Juvenile offenders and staff live in constant fear of attack in the violent California youth prison system, says the Los Angeles Times, citing confidential reports that criticize the system for substandard medical care, psychiatric counseling, and schooling. At one prison near Sacramento, juveniles with broken bones were denied prescription medication for pain.
One report said inhalers often were not provided to asthma sufferers and that youths sprayed with Mace were sometimes not allowed to shower promptly, resulting in chemical burns on their faces. “It’s appalling. It’s barbaric,” said Sen. Gloria Romero, chairwoman of an oversight committee on prisons.
The reports were part of a class-action lawsuit alleging inhumane, unconstitutional conditions at the Youth Authority, once a leader in rehabilitating offenders. State officials did not quarrel with the findings and promised reforms. The reports follow the suicides last month of two teenagers at one youth prison. Since 2000, there have been six suicides and 165 attempted suicides in the system.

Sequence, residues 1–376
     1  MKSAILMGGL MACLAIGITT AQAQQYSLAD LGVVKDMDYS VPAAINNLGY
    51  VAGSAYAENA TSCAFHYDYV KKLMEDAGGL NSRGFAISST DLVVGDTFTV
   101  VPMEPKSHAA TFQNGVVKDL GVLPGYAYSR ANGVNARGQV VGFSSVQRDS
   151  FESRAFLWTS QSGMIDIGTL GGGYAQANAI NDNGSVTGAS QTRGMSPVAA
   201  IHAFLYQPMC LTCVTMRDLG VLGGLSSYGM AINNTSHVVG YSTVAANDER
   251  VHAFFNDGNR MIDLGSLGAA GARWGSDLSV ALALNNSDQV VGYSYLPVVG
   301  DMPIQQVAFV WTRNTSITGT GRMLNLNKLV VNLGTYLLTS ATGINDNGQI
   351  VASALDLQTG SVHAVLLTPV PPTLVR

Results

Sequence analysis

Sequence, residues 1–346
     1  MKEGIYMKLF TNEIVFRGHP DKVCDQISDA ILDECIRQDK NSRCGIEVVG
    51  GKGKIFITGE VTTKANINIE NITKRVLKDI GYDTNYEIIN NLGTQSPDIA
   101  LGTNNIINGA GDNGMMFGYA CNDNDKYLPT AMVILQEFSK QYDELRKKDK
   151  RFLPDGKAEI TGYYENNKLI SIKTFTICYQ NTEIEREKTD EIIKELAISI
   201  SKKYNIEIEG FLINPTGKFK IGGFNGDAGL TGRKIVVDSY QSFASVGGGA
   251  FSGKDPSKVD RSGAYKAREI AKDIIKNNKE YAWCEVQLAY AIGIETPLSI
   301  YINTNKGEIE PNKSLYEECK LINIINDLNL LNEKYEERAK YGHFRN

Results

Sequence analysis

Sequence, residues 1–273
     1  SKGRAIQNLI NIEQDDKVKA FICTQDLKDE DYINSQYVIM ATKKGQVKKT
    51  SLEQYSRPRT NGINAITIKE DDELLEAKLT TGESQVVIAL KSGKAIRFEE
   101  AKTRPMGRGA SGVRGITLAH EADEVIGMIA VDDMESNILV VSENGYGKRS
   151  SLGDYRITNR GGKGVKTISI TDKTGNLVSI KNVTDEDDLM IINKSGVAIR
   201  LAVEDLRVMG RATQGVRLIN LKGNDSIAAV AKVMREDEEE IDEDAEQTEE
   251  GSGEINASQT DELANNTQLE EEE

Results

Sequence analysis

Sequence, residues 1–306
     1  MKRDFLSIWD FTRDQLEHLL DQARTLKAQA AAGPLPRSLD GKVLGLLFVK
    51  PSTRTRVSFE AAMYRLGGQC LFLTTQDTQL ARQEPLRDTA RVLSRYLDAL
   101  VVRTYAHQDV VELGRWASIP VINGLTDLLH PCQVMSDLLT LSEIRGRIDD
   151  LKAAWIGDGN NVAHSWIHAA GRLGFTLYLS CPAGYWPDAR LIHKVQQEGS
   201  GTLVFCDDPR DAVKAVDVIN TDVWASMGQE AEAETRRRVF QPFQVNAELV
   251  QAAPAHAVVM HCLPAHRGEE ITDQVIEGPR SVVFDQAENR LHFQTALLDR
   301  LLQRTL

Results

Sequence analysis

The Youth Authority incarcerates about 4,400 wards in 11 institutions and four camps on a $450 million annual budget.
One report obtained by the Times called violence within the Youth Authority “stunning” and said it creates “an intense climate of fear.” “These levels of ward-on-ward or ward-on-staff assaults are unprecedented in juvenile corrections across the nation,” the report’s author, Barry Krisberg of the National Council on Crime and Delinquency, wrote. Many national corrections leaders, he said, were “astounded” by the violence within California’s system.
At one facility that housed an average of 872 youths, the staff used Mace to subdue youths about four times a day. The Times said that the report on medical care painted a particularly chilling picture, citing glaring deficiencies, from dental care at one facility to a total absence of preventive healthcare systemwide.